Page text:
As part of the global strategy for the management of farm animal genetic resources, FAO invited 188 countries to participate in the first Report on the State of the World's Animal Genetic Resources, which is to be completed by 2006. To date, 151 countries have accepted to submit country reports. Guidelines for preparation of country reports have been published in Animal Genetic Resources Information Bulletin (FAO) no. 30. These guidelines are used to assist countries in preparing reports as strategic policy documentation covering the state of animal genetic resources, the state of the art and national capacity to manage these resources, and country needs and priorities. Country reports will serve as the base documentation for the State of the World Reporting Process; thus the involvement of all stakeholders in the development of these reports is strongly encouraged.

The objective of the country and global assessments is to provide a comprehensive analysis of the status and trends of the world's farm animal biodiversity and of their underlying causes, as well as of local knowledge regarding its management. The task is to go beyond description of the resources by analysing the state of these resources and the capacities to manage them, drawing lessons from past experiences and identifying problems and priorities. Country reports are policy documents covering three strategic questions: Where are we? Where do we need to be? How do we get to where we need to be? Country reports are intended to be used in planning and implementing priority country actions. In addition, the country report will serve as documentation for the development of the regional and global reports on strategic priorities for action and, subsequently, the first Global Report on the State of Farm Animal Genetic Resources.

Country reports provide an assessment in three major areas:

International organizations are also being invited to contribute to the state of the world's animal genetic resources preparatory process by providing reports. The long-term aim of the process is for countries and regions to build on the analyses contained in the country reports in order to plan and implement appropriate management of their farm animal genetic resources.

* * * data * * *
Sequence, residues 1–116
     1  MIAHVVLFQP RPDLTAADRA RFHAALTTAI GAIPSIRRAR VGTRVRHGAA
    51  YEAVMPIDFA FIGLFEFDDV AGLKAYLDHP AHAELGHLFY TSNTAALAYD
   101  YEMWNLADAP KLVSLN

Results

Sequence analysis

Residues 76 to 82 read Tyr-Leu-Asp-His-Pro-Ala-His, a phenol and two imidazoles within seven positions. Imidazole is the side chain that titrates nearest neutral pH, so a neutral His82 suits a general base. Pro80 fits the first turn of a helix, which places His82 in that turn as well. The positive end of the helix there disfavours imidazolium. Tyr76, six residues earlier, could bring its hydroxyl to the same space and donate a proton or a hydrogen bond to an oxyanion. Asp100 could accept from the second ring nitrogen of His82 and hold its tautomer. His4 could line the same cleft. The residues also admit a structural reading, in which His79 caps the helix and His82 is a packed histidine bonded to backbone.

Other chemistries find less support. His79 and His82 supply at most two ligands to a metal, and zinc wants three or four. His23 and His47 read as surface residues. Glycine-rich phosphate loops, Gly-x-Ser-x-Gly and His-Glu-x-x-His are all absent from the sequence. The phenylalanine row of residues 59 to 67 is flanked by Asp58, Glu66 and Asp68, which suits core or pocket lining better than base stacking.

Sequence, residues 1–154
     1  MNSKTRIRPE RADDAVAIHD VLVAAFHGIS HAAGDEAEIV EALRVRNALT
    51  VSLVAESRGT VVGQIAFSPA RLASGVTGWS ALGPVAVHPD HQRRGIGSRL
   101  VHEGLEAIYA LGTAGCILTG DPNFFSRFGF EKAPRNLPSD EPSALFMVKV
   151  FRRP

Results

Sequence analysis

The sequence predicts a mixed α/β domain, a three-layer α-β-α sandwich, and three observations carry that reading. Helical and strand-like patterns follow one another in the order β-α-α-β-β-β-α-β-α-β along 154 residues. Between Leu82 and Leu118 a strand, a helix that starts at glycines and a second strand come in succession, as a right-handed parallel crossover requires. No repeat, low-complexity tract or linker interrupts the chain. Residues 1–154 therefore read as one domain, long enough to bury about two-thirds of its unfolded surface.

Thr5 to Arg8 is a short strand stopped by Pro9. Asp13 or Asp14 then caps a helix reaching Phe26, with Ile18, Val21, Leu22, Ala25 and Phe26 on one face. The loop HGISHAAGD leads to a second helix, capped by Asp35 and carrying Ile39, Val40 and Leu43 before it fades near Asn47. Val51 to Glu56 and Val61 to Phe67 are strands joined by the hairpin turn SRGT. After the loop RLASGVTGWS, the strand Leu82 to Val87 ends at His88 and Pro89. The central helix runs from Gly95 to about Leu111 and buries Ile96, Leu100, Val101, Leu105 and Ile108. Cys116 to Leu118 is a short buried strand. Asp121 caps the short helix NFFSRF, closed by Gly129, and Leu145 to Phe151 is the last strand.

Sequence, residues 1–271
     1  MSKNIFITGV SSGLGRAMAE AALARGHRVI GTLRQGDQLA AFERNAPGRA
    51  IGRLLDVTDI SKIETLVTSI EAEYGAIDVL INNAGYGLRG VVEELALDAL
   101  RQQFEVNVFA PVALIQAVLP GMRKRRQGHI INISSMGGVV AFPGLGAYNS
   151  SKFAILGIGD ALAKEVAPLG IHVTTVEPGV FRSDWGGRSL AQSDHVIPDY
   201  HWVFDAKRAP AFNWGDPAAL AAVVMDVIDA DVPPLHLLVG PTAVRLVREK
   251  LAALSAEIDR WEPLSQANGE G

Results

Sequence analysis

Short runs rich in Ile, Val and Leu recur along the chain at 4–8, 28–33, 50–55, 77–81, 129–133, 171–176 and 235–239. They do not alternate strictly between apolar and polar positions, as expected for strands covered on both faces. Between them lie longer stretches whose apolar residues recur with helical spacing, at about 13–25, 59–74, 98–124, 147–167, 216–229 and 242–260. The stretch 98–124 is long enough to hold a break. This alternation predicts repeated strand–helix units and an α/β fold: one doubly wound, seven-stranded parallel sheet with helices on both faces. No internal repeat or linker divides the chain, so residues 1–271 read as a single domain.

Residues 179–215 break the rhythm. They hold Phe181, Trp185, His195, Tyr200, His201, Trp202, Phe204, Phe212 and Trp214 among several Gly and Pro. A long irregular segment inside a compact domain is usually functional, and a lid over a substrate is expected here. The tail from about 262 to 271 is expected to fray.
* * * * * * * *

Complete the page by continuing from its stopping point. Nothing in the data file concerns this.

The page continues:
The first Report on the State of the World's Animal Genetic Resources will contain the Report on Strategic Priorities for Action and will be based on a synthesis of country reports, thematic studies and reports from international organizations.


Countries were requested to nominate a national focal point and designate a national coordinator to facilitate the development of the country network on the management of animal genetic resources and to serve as official contact with the global focal point. Keeping in mind that the process involves both scientific and policy matters, the establishment of a National Consultative Committee is recommended to identify the primary areas and issues that need to be addressed in the preparation of the country report and to oversee its preparation. It is essential that the National Consultative Committee have wide and diverse representation and develop a broad network to ensure opportunities for all stakeholders to contribute to the country report.

The response of countries to the invitation of FAO's Director-General to participate in the first Report on the State of the World's Animal Genetic Resources and submit a country report has been very positive. During part of 2001 and 2002, FAO trained almost 400 professionals from 178 countries in the preparation of national reports. At the moment, FAO has a team of 15 consultants working in 14 country groupings in all regions of the world. Most countries have undertaken the organization of national stakeholder workshops to elaborate their animal genetic resources policies leading to the country reports. Table 1 shows the regional distribution of country reports submitted to FAO.